By Kent Davis
The mysterious 12th century Khmer temple of Preah Khan (Khmer: ប្រាសាទព្រះខ័ន), once a religious city of 100,000 inhabitants, is now a peaceful destination surrounded by Cambodian jungle.
Built by King Jayavarman VII, the spiritual complex once served the Buddhist faith, Hindu gods, and perhaps was key to the king’s attempt to harmoniously blend the two faiths.
The temple features unique combinations of Garuda, the man-bird and his natural enemy, Naga, the snake god who factors as one of the progenitors of the Khmer race.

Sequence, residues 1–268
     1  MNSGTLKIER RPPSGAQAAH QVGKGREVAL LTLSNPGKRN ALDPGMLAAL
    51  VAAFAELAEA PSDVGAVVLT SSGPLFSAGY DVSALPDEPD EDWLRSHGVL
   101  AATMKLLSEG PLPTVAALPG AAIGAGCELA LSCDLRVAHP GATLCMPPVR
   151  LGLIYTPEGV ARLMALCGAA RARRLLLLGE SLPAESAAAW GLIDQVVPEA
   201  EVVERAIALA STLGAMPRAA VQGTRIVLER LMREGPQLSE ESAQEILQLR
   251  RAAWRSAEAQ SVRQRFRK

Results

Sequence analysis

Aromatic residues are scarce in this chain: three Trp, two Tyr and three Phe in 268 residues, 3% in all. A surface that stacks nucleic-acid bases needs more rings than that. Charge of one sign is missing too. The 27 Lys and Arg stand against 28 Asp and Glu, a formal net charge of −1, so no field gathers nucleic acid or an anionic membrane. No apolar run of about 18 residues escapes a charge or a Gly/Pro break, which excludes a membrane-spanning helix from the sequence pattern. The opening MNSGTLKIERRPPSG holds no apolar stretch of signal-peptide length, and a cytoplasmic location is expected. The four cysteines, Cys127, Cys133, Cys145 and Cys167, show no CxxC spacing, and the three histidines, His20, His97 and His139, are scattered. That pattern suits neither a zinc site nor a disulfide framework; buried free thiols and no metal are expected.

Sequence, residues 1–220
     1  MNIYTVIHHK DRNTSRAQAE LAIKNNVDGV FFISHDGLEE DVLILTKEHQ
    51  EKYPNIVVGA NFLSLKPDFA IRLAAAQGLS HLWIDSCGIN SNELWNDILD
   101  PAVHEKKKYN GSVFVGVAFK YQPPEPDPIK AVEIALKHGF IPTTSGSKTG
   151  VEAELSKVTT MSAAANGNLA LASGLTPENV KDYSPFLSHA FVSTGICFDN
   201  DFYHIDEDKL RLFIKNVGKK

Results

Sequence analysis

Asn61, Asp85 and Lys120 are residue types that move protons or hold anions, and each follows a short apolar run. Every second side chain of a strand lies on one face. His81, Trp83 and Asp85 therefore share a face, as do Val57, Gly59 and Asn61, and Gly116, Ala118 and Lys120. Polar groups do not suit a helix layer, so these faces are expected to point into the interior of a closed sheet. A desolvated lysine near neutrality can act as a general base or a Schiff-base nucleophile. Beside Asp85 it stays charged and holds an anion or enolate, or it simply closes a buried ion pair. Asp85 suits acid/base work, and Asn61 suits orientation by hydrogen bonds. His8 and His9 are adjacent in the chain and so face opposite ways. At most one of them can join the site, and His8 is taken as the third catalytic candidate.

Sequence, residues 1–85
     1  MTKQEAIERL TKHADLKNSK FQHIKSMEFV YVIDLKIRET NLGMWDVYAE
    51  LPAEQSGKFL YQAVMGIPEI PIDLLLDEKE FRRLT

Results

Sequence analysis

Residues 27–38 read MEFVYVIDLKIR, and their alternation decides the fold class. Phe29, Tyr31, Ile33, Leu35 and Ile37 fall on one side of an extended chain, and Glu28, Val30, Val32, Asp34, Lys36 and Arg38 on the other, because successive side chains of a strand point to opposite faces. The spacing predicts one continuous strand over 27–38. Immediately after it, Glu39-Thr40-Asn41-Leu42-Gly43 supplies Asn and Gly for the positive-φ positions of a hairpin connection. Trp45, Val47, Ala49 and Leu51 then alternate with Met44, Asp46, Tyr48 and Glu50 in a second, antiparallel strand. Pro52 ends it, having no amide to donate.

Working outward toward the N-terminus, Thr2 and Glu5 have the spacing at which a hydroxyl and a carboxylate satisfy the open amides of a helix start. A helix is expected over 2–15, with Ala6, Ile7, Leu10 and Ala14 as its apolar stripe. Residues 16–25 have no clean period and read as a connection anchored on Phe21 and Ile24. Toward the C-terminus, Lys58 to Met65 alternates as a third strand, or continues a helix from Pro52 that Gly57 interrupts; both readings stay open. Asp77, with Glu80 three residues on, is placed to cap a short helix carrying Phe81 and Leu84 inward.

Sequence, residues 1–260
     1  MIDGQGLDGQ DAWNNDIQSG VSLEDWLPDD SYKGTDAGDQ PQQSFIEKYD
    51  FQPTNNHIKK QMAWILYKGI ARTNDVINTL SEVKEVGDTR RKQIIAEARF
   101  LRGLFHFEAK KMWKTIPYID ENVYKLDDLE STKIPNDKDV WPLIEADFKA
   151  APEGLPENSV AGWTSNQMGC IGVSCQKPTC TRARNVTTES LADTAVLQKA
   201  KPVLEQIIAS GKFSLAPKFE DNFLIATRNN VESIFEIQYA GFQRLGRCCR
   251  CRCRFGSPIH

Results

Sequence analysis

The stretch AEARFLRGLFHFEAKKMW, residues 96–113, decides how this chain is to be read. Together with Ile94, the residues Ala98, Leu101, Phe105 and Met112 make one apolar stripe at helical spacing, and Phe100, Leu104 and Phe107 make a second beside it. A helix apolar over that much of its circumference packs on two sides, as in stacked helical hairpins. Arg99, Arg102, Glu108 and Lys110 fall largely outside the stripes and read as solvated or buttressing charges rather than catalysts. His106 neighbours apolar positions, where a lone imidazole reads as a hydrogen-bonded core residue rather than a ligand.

Preah Khan, located northeast of Angkor Thom, has been left largely unrestored. With numerous trees and other vegetation growing among the ruins, Preah Khan is flat in design, with a basic plan of successive rectangular galleries around a Buddhist sanctuary complicated by Hindu satellite temples and numerous later additions.
Once with almost 100,000 officials and servants, it was the center of a substantial culture.
Since 1991, the site has been maintained by the World Monuments Fund.
© 2008 Kent Davis – High resolution images are available to educational and non-profit organizations at no charge.
Views of Preah Khan Khmer Temple at Angkor